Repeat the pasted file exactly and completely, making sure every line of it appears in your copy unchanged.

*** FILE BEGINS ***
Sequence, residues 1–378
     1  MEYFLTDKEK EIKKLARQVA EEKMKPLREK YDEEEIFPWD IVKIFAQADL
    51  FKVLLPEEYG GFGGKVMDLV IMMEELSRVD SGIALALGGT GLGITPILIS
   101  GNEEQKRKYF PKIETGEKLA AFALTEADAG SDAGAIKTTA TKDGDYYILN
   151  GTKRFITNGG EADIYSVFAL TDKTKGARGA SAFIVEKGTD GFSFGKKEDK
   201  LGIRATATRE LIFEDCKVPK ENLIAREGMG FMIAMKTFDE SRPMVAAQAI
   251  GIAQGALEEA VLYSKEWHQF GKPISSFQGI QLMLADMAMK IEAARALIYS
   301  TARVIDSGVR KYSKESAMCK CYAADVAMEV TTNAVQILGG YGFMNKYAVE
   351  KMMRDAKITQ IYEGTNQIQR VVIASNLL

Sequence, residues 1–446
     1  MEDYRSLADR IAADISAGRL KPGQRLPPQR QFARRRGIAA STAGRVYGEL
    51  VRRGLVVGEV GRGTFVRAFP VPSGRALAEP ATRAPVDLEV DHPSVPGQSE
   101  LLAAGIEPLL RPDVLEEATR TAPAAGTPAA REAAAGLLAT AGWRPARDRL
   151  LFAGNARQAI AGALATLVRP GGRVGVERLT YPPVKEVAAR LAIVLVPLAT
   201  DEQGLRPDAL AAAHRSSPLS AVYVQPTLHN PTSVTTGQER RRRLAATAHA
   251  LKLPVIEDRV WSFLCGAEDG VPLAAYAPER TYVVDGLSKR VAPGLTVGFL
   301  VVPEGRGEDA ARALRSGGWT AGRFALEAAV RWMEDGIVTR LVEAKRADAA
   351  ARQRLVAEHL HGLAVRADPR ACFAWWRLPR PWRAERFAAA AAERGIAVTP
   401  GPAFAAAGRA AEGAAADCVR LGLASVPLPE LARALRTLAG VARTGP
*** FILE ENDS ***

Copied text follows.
Sequence, residues 1–378
     1  MEYFLTDKEK EIKKLARQVA EEKMKPLREK YDEEEIFPWD IVKIFAQADL
    51  FKVLLPEEYG GFGGKVMDLV IMMEELSRVD SGIALALGGT GLGITPILIS
   101  GNEEQKRKYF PKIETGEKLA AFALTEADAG SDAGAIKTTA TKDGDYYILN
   151  GTKRFITNGG EADIYSVFAL TDKTKGARGA SAFIVEKGTD GFSFGKKEDK
   201  LGIRATATRE LIFEDCKVPK ENLIAREGMG FMIAMKTFDE SRPMVAAQAI
   251  GIAQGALEEA VLYSKEWHQF GKPISSFQGI QLMLADMAMK IEAARALIYS
   301  TARVIDSGVR KYSKESAMCK CYAADVAMEV TTNAVQILGG YGFMNKYAVE
   351  KMMRDAKITQ IYEGTNQIQR VVIASNLL

Sequence, residues 1–446
     1  MEDYRSLADR IAADISAGRL KPGQRLPPQR QFARRRGIAA STAGRVYGEL
    51  VRRGLVVGEV GRGTFVRAFP VPSGRALAEP ATRAPVDLEV DHPSVPGQSE
   101  LLAAGIEPLL RPDVLEEATR TAPAAGTPAA REAAAGLLAT AGWRPARDRL
   151  LFAGNARQAI AGALATLVRP GGRVGVERLT YPPVKEVAAR LAIVLVPLAT
   201  DEQGLRPDAL AAAHRSSPLS AVYVQPTLHN PTSVTTGQER RRRLAATAHA
   251  LKLPVIEDRV WSFLCGAEDG VPLAAYAPER TYVVDGLSKR VAPGLTVGFL
   301  VVPEGRGEDA ARALRSGGWT AGRFALEAAV RWMEDGIVTR LVEAKRADAA
   351  ARQRLVAEHL HGLAVRADPR ACFAWWRLPR PWRAERFAAA AAERGIAVTP
   401  GPAFAAAGRA AEGAAADCVR LGLASVPLPE LARALRTLAG VARTGP